What You Need to Know About Keywords, Density, and Cannibalization
 

What You Need to Know About Keywords, Density, and Cannibalization

Written by +Will Hanke on July 18th, 2016

Keywords are frequently the first thing anyone new to the world of SEO is concerned with. But even though they are one of the most fundamental concepts and factors regarding why pages rank well, there are a lot of website administrators and SEO professionals that need a refresher course to make sure they are still on the right track towards pleasing the Google algorithm with their content. You see, we need to constantly readjust our strategy to reflect changes made to the Google algorithm, such as the introduction of the Hummingbird update.

To start off, check out this video from Rand Fishkin of SEOMoz.

Rand brings up a really interesting point. I’m sure at one time or another, all of us were left stumped and scratching our heads after we see a high ranking site that doesn’t seem to make any efforts for keyword targeting. And this brings up an important question. With little to no keywords in their content, how on Earth are these websites ranking so well? Is it just a happy accident? Is it just another example that lends credence to the expression that even a blind monkey finds a peanut every once in a while?

Well, back in the day when the Google algorithm was in its infancy and not nearly as sophisticated as it is today, keywords were every website’s bread and butter. The more keywords you crammed into your content, the higher you’d rank. Today, however, as Rand points out, we don’t want heavy repetition of keywords. And don’t fall into the trap of thinking that there is a “magic number” of keywords that will help you rank higher than competition without incurring a penalty from the algorithm. Once or twice is enough to raise a flag to the Google algorithm that identifies the purpose of your content. Also, keyword density is a notably deprecated figure, and the metric mostly worthless these days.

Keywords in Your Title

There are basically two competing schools of though regarding putting keywords in your title. I tend to agree with Rand on the point that it’s better to have a title that compels people to click on it than it does to stuff it with exact match keywords that feel a little clunky and out of place. Keeping that in mind, understand that there will be times when you can have your cake and eat it to. Sometimes keywords will naturally be part of your title, and that’s fine…as long as you don’t make it a point to use keywords in every title.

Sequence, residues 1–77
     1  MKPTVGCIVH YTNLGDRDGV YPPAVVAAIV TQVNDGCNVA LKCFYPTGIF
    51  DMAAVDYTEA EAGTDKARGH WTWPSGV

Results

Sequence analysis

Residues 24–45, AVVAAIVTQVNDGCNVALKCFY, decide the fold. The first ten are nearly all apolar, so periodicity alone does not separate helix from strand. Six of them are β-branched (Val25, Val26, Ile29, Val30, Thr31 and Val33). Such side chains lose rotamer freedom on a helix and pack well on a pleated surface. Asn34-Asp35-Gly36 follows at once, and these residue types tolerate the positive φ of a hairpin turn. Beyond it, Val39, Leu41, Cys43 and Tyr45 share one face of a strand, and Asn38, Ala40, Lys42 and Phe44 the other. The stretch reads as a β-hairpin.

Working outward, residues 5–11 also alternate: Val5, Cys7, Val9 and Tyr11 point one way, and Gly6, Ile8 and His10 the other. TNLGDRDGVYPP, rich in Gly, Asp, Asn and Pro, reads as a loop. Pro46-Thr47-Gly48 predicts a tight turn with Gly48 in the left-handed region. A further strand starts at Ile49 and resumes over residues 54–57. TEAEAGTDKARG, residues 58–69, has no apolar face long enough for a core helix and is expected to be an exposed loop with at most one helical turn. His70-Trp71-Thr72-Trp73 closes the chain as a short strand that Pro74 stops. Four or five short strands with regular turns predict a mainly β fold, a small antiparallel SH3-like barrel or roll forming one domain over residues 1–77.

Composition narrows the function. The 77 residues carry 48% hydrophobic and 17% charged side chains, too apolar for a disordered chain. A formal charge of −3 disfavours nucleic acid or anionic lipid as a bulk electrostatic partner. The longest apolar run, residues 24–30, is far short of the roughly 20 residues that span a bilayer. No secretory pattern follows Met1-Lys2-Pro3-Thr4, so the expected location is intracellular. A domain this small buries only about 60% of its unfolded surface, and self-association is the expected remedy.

As Rand goes on to mention, it is important to have keywords in your title, but perhaps not for the reasons you may be thinking. You want to make sure that your title fits the underlying reason why the user performed a Google query in the first place. And you’ll also want to make sure that the title matches, or there may be some confusion. There have been plenty of times when I clicked a link, only to discover that the link was a little misleading. This is a type of cloaking, and as a best practice, it should be avoided.

And to have the highest chance of ranking high, you want to make sure you cultivate an exceptional user experience. Google has long awarded higher rankings to websites that offer better user experiences, and this quality alone has driven many of the Google updates to fruition.

Keyword Cannibalization and Best Practices

Keyword cannibalization often doesn’t get enough consideration from inexperienced website administrators and SEOs, which is a shame. Essentially, the idea revolves around harming other pages’ rankings by separating related (yet fundamentally different) content. It’s tough to determine whether two or more topics or ideas should be aggregated onto one page or whether they should be chopped up into different posts. Bearing this in mind, let’s take a look at some of the best practices to avoid keyword cannibalization.

Firstly, it is most optimal to target unique keywords on a single page. Sounds pretty straightforward and logical, right? Unfortunately, some people still try to game the system by creating multiple pages that target the same unique keywords. This is a bad practice, and it won’t do your site any favors. Nevertheless, we do need to make an important distinction. Be sure to follow Rands’s next point very closely, because the devil is always in the details.

Though it’s best to target unique keywords on a single page, you can separate content into different pages that contain part of the keywords, phrases, and the overall topic. This is especially true of location-based keywords, such as a law firm that wants to rank well in the Denver area for multiple areas of law (e.g. personal injury lawyers in Denver, or business formation attorney in Denver, etc.).

And of course, linking with the right anchor text is a given, but be sure not to overdo things. Some people abuse this practice and it has actually been correlated with lower SEO performance. Make sure you don’t commit the SEO sin of using a “click here” link. Last but not least, remember that it may be a good idea to pull the plug on old content. If, for example, you have content posted that no longer applies to a given industry (like a blog that shows how-to videos for end of life products or software), you may want to retire it in favor for newer how-to videos.

About 

Will Hanke is the Chief Search Marketing Strategist at Red Canoe Media, a top St. Louis Search Marketing & SEO firm. In addition to helping some of the city's most recognizable brands with their online marketing strategy, Will also is an Amazon bestselling author, speaker and teacher.

 

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